Meet our researchers
Director of research
Irene Molina is Professor of Human Geography. Her research explores the city as a site for social power relations. Her specific interests include racialization and discrimination, as well as class, gender, and intersectionality.
Project: Immigrant mothers – racialized children. Pathways, conflicts, and visions. Financed by the Swedish Research Council’s special grant for research on racism (2017–2019), together with Professor Paulina de los Reyes (project leader) from the Department of Economic History at Stockholm University, and Professor Diana Mulinari from the Department of Gender Studies, Lund University.
Ylva Habel is an Assistant Professor in Media and Communication Studies, and Researcher in the field Anti-Black racism. Her research draws on Black studies, the African Diaspora, postcolonial, critical race and whiteness studies, and specifically revolves around the affective economy of Swedish exceptionalist, colorblind discourses.
With an interdisciplinary background in cinema studies, her analytical approach entails an interest for combining these perspectives with the optics of media history, visual and material culture. In her upcoming research, she will focus upon kindred discursive logics in recent Swedish and Dutch media debates, and examine the ways in which Blackness figures in relation to perennial welfare state values.
Director of research
Mattias Gardell holds the Nathan Söderblom Chair of Comparative Religion. His research has explored the intersections of religion, politics, and racism within a variety of empirical fields. Gardell’s research interests include anti-Muslim racism (Islamophobia), occult fascism, political religion, the history of racism, and religion/racism/violence.
Shahram Khosravi is Professor, Director of studies (advanced level) at Stockholms University. In 2003 he published his doctoral thesis "The Third Generation: The Islamic Order of Things and Cultural Defiance among the Young of Tehran". Shahram Khosravi's research interests include anthropology of Iran and the Middle East, migration, human rights, forced displacement.
Project: After Deportation (2017-2019)
Patricia Lorenzoni holds a Ph.D. in History of ideas and is a research fellow at CEMFOR. Her research interests revolves around the relationship between racism and historical consciousness, and how historical continuities as well as discontinuities can be understood over longer periods of time.
In particular, she looks at the relation between modernity formation, coloniality and Christian expansion from both historical and contemporary perspective, with special focus on Brazil and indigeneity.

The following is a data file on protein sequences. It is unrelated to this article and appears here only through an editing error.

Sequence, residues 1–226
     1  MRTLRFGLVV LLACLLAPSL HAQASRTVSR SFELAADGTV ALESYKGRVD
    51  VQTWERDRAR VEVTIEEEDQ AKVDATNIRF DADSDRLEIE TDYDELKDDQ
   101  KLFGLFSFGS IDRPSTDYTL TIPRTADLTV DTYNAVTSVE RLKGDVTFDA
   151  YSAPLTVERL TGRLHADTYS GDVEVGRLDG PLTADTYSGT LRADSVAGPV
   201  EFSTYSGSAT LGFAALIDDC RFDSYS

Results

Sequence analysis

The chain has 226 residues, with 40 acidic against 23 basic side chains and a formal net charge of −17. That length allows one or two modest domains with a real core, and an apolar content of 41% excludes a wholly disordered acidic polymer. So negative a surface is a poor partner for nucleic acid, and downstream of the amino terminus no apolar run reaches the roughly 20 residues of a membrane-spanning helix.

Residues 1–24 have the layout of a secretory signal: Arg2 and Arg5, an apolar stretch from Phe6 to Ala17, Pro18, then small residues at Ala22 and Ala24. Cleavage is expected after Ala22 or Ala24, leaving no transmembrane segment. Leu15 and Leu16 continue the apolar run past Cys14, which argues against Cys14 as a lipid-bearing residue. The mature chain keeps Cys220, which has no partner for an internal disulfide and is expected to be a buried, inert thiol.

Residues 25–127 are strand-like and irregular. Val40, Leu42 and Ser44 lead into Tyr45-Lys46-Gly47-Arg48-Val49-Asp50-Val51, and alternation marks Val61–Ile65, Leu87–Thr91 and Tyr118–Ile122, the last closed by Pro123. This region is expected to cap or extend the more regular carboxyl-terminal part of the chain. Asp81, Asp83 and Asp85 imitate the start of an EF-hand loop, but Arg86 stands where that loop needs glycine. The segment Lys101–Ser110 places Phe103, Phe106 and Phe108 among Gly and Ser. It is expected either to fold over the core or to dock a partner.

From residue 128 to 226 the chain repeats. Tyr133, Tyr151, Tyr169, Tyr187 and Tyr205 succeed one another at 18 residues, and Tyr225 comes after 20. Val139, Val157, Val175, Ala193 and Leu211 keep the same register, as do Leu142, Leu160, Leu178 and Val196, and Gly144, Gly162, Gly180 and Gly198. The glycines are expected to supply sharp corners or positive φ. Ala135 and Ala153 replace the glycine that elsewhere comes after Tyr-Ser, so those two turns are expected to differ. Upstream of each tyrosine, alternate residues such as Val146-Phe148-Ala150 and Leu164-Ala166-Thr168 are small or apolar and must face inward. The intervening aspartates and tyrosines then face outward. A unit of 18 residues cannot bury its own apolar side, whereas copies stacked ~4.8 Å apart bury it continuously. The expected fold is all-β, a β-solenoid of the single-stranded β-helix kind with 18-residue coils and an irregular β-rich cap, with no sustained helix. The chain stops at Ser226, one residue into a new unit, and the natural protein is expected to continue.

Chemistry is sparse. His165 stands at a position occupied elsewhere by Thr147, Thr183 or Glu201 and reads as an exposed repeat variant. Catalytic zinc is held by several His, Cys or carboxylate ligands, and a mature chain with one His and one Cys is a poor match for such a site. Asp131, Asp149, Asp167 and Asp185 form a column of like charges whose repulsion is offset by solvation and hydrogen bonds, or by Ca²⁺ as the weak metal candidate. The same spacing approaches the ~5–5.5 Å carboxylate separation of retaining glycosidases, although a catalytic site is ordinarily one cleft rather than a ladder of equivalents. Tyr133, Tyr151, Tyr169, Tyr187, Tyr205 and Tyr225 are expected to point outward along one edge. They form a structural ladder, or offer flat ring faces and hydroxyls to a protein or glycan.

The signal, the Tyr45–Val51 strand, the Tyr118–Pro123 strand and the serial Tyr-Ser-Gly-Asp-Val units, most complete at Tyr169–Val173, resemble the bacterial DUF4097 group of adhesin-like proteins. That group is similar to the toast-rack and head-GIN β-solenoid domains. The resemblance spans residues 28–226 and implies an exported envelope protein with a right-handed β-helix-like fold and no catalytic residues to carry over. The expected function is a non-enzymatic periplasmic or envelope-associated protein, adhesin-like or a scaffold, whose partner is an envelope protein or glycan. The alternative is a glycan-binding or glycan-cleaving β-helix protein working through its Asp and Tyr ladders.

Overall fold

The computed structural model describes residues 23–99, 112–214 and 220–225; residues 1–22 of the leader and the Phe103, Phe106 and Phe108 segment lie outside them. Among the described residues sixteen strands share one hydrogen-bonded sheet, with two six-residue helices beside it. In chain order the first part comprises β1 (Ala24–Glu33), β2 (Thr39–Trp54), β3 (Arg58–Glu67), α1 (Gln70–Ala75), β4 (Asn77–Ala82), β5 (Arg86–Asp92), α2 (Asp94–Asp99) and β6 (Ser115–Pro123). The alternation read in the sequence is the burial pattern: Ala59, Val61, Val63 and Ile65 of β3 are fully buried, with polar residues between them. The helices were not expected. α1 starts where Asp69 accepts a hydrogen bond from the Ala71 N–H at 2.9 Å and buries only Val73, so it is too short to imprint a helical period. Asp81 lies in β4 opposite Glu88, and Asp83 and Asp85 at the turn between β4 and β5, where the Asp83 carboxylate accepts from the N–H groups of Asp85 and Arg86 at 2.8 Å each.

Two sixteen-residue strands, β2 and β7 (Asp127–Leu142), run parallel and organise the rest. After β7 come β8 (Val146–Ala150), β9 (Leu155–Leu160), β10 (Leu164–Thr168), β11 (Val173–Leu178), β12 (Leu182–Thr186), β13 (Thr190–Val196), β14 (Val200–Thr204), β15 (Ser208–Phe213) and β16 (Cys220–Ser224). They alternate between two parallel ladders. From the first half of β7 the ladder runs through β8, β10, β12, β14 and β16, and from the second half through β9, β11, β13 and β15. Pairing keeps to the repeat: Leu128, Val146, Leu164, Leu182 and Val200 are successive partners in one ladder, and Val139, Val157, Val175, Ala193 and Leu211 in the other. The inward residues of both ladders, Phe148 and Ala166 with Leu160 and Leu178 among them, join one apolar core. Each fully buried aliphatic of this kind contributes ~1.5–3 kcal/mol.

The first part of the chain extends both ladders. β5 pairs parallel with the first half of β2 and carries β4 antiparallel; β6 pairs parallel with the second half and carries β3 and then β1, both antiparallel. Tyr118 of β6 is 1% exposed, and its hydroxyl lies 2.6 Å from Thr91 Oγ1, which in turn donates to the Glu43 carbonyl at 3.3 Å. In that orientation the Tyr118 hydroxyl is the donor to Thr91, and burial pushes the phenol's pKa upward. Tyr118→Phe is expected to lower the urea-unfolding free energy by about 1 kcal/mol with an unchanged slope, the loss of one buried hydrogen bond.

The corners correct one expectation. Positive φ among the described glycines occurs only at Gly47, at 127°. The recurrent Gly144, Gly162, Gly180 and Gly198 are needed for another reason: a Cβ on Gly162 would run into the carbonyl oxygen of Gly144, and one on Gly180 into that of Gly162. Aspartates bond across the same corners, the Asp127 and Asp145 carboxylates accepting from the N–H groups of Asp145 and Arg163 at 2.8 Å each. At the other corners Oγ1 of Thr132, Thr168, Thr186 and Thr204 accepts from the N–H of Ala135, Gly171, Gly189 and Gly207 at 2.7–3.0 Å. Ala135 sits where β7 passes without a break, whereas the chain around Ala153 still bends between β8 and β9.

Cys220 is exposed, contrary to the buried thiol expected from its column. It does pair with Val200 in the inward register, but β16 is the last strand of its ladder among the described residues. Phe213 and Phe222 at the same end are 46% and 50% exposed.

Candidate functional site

Project: Declare our death and bury us here – Nation, territorial expansion and the colonial frontier in contemporary Brazil.
Photo: Johan Wingborg
Per-Erik Nilsson’s research explores the boundaries of secularism, religion, and politics with a focus on religion, secularism, politics, and violence. He specializes in French politics and society, in particular on secularism and national identity. His research employs discourse analytical and ethnographic methods.
Ann Kubai is an associate professor/Docent in world Christianity and Inter-Religious Studies. Over the years, she has carried out research on the ideological causes of the Rwanda genocide of 1994, the prospects and challenges of transitional justice in post-conflict societies. Mass violence and gross violations of human rights of indigenous peoples in the Eastern, Horn and Central Africa regions, gender violence, forced migration and displacement. Exclusion, marginalization and integration of African migrant communities in Sweden and human trafficking and sexual bondage. In recent years, the role of psychosocial support in fractured communities has become an integral part of her research work.
She is involved in research on identities on the move, social transformations and the impact of globalization and development on pastoral nomadic communities in East Africa, and human trafficking, particularly within Africa and from Africa to Europe.
Postdoctoral Research Fellow
Mehek Muftee has analysed introduction programs for refugees undergoing resettlement to Sweden, examining, among other issues, how stereotypical ideas about women from the Horn of Africa are expressed in information and interaction between government officials and participants in the programs.
Project: Muftee’s postdoctoral research project explores Muslim womens’ experiences of, and strategies for negotiating and challenging, anti-Muslim racism. Her areas of interest include migration, transnational migration, intersectionality, postcolonial feminism, and anti-Muslim racism. Mehek Muftee will assume her position in January, 2018.
Daniel Strand has a Ph.D. in History of Ideas. He defended his dissertation No alternatives. The end of ideology in the 1950s and the post-political world of the 1990s in 2016 at Stockholm University. His research interests include political theory, postcolonial theory and history theory.
Project: Together with archaeologist Anna Källén and literary scholar Andreas Nyblom, he is active in the research project "Code, Narrative, History: Contemporary Creation of Ancient DNA", which investigates contemporary archaeological research in Sweden, France and the United Kingdom.